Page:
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\begin{document}
\smallskip
\centerline{\sc Math 632, Lecture 10\\ January 30, 2004}
\begin{theorem}
Let $X$ be an arbitrary scheme and $Y$ affine. Then there is a bijection
$$\Hom(X,Y)\longleftrightarrow \Hom(\O_Y(Y),\O_X(X)).$$
\end{theorem}
\newarrow{Corresponds}<--->
\begin{proof}
Set $Y=\Spec A$, let $\{U_i\}$ be an affine open cover of $X$ and for each $i,j$ let $\{U_{ijk}\}_{k\in K_{ij}}$
be an affine open cover of $X_i\cap X_j$. Then we the diagram
\begin{diagram}
\Hom(X,\Spec A) & \rTo & \prod \Hom(U_i,\Spec A) &\pile{\rTo^{p_1} \\ \rTo_{p_2}}& \prod_{(i,j)}\prod_{k\in K_{ij}} \Hom(U_{ijk},\Spec A)\\
\dTo & & \dCorresponds& & \dCorresponds\\
\Hom(A,\O_X(X)) & \rTo & \prod \Hom(A,\O_{U_i}(U_i)) &\pile{\rTo \\ \rTo}& \prod_{(i,j)}\prod_{k\in K_{ij}} \Hom( A,\O_{U_{ijk}}(U_{ijk}))\\
\end{diagram}
in which the two rows are left exact and the two right-hand columns are bijections. It follows that the first column
is also a bijection.
\end{proof}
\section{Examples}
\begin{enumerate}
\item Take $\A^n_{\Z}=\Spec \Z[T_1,\ldots,T_n]$. To give a map $X\rightarrow \A^n_{\Z}$
for any scheme $X$ is to give a ring map $\Z[T_1,\ldots,T_n]\rightarrow \O_X(X)$, which amounts
to picking an element of $\O_X(X)$ for the image of each $T_i$. Thus, we have the identifications
$$\Hom(X,\A^n_{\Z})\longleftrightarrow \Hom(\Z[T_1,\ldots,T_n],\O_X(X))\simeq \O_X(X)^{\oplus n}.$$
\item The natural map $A\rightarrow A_f$ for any ring $A$ and any $f\in A$
induces an open immersion $\Spec A_f\rightarrow \Spec A$ onto $X_f=\{x\in X : f_x\neq 0\ \text{in}\ k(x)\}$
(as any open in $X$ can be covered by sets of the form $X_{fg}$).
\item Let $k$ be a field and consider $\A^1_k= \Spec k[T]$. The point $(0)\in \A^1_k$ is open and dense
(since every prime ideal of $k[T]$ contains $0$), while all other points are closed and have the form
$(f)$ for $f\in k[T]$ a monic irreducible polynomial. The residue field at $(0)$ is $k(T)$
while the residue field at $f$ is $k[T]/(f)$, which is a finite field extension of $k$.
\item If $A$ has a unique minimal prime (for example, if $A$ is a domain) then $\Spec A$ has a unique point $z$,
open and dense in $\Spec A$.
\item Consider $\A^1_{\Z}=\Spec \Z[X]$. We have a natural mapping $\A^1_{\Z}\rightarrow \Spec \Z$.
The points of $\A^1_{\Z}$ are
\begin{itemize}
\item The unique open and dense point $(0)$. The residue field is $\Z[X]_{(0)}=\Q(X)$ and the
fiber over the point $(0)\in \Spec \Z$ is $\A^1_{\Q}$.
\item Prime ideals of the form $(f)$ with $f\in \Z[X]$ irreducible. Such points are open,
with closure the set of all prime ideals of the form $(p,f)$ where $p\in \Z$ is a prime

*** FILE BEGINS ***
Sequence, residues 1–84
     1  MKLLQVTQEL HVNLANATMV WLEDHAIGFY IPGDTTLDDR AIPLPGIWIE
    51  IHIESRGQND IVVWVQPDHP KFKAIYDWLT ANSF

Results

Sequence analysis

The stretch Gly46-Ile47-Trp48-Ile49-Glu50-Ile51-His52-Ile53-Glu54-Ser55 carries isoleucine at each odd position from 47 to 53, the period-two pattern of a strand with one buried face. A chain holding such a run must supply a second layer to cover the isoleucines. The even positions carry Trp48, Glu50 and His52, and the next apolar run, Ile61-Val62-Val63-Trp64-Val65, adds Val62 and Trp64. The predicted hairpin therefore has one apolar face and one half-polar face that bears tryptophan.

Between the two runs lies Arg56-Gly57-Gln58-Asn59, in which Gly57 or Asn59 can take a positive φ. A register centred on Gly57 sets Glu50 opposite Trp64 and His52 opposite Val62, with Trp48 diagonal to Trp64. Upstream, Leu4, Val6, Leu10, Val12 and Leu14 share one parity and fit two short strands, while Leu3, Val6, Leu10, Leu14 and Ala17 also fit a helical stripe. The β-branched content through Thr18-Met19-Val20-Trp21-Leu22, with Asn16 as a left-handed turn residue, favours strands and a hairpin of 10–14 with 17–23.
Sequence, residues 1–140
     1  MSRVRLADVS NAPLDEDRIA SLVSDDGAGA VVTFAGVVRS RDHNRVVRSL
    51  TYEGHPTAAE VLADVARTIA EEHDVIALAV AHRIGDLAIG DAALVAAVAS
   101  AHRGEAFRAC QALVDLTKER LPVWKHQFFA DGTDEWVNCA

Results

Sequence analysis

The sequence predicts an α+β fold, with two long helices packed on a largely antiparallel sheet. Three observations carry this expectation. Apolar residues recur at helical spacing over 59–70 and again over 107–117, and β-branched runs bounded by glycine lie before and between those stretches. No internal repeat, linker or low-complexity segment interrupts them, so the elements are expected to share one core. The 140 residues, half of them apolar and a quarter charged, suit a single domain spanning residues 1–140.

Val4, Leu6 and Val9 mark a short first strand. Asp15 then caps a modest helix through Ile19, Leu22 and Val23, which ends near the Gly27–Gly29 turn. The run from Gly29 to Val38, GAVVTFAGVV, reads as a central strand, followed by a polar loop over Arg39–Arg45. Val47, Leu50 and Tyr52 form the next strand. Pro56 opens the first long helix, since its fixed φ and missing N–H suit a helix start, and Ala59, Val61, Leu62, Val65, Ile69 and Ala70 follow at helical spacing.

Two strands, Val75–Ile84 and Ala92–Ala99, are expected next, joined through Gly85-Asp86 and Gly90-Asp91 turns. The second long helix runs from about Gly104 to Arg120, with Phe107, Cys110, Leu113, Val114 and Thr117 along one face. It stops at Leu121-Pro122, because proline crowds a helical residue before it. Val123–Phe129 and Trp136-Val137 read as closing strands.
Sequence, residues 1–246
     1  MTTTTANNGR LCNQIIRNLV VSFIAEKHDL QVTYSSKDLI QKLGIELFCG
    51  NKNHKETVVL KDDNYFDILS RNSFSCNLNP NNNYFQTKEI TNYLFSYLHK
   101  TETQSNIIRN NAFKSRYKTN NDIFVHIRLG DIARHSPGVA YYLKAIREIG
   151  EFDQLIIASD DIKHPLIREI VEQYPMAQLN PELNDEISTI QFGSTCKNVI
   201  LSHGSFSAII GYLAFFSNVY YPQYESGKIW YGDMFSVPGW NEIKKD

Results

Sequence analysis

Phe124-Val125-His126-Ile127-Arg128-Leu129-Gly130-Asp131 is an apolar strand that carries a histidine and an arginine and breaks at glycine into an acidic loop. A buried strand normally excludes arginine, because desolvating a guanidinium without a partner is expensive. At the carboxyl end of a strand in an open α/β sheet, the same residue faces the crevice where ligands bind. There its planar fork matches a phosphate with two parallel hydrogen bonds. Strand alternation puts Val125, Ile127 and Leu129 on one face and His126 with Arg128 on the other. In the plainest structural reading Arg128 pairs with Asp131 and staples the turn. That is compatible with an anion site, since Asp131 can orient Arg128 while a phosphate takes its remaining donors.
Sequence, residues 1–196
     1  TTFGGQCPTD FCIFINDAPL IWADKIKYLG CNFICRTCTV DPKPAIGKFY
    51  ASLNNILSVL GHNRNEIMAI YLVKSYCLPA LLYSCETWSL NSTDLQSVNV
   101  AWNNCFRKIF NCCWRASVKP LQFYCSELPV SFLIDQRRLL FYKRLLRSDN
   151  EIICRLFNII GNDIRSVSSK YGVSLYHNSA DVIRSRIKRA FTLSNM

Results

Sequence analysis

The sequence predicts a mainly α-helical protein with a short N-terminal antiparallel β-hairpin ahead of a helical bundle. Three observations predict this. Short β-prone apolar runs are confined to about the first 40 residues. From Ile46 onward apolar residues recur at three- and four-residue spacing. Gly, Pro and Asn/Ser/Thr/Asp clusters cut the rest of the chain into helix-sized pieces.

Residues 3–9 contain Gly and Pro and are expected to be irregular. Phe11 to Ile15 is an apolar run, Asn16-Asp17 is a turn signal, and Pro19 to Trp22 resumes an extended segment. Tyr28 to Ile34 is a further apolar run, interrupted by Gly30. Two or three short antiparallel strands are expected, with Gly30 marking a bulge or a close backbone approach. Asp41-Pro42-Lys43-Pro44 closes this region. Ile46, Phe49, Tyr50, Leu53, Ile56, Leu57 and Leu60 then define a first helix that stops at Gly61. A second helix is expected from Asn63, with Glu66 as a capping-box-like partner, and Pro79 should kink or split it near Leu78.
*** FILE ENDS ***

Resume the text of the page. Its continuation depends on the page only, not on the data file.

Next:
such that $f\bmod p$ is reducible. The residue field at $f$ is $\Frac(\Z[X]/(f))$,
and such $(f)$ lie in the fiber over $(0)$.
\item Maximal ideals of the form $(p,f)$ with $f$ irreducible modulo $p$. The residue field
at $(p,f)$ is $\F_p[X]/(f)$, and these points are in the fiber over $(p)$.
\end{itemize}
One pictures $\Spec \Z[X]$ as in Mumford's Red Book:
\item Consider $\A^2_k=\Spec k[x,y]$ with $k$ algebraically closed. The points are
\begin{itemize}
\item The unique open and dense point $(0)$. The residue field is $k(x,y)$.
\item Prime ideals of the form $(f)$ with $f\in k[x,y]$ irreducible. Such points are open,
with closure the set of all maximal ideals of the form $(x-a,y-b)$ with $f(a,b)=0$.
The residue field at $(f)$ is $\Frac(k[x,y]/(f))$, i.e. the function field of the irreducible
subvariety $f=0$.
\item Maximal ideals of the form $(x-a,y-b)$. The residue field is just $k$.
\end{itemize}
\end{enumerate}
\begin{definition}
Let $S$ be a scheme. Then an $S$-scheme $X$ is a scheme together with a map $X\rightarrow S$.
An $S$-map of $S$-schemes $X,Y$ is a commutative diagram
\begin{diagram}
X & \rTo & Y\\
& \rdTo & \dTo\\
& & S
\end{diagram}
\end{definition}
As an example, let $S=\Spec A$. By abuse of language, we will often refer to an $S$-scheme as an $A$-scheme.
An $A$-scheme $X$ is just a scheme together with a ring map $A\rightarrow \Gamma(X,\O_X)$, making $\O_X(U)$
an $A$-algebra for each open $U\subseteq X$. Thus, $\O_X$ becomes a sheaf of $A$-algebras, and maps
$f:X\rightarrow Y$ of $A$-schemes must have $f^{\#}$ a map of $A$-algebras.
In classical algebraic geometry, one studies $k$-schemes for an algebraically closed field
$k$. The base over which a scheme $X$ is considered can make a great difference in the properties and structure
of $X$. For example, consider $X=\Spec \C$. As a scheme over $\C$, $X$ has no nontrivial automorphisms.
Over $\R$, $\Aut(X)\simeq \Z/2\Z$, while over $\Z$, $\Aut(X)$ is uncountable. The moral is that algebraic
geometry must be developed with respect to an arbitrary base scheme.
\begin{theorem}
Let $f:X\rightarrow Y$ be a map of schemes. Then the following are equivalent:
\begin{enumerate}
\item For all open affines $\Spec B\subseteq Y$ and all open affines $\Spec A\subseteq f^{-1}(\Spec B)$
the ring $A$ is a finitely generated $B$-algebra.
\item There exists an open cover $\{\Spec B_i\}$ of $Y$ and an open cover $\{\Spec A_{ij}\}$
of $f^{-1}(\Spec B_i)$ for each $i$ such that each $A_{ij}$ is a finitely generated $B_i$ algebra
(for all $i$).
\end{enumerate}
\end{theorem}
\begin{definition}
Such a map $f$ is said to be {\em locally of finite type}, (with the ``locality'' referring to the source scheme).
\end{definition}
\begin{proof}
It suffices to prove that (2) implies (1). Since for $b_i\in B_i$ we have $f^{-1}(\Spec (B_i)_{b_i})$
covered by $\Spec (A_{ij})_{b_i}$, so the hypothesis is inherited by basic opens of $\Spec B_i$.
To reduce to the case $Y=\Spec B$ we must cover $\Spec B$ by basic opens $\Spec B_b$
that are also basic opens $\Spec (B_i)_{b_i}$ of $\Spec B_i\subseteq Y$. We will take this up next lecture.
\end{proof}
\end{document}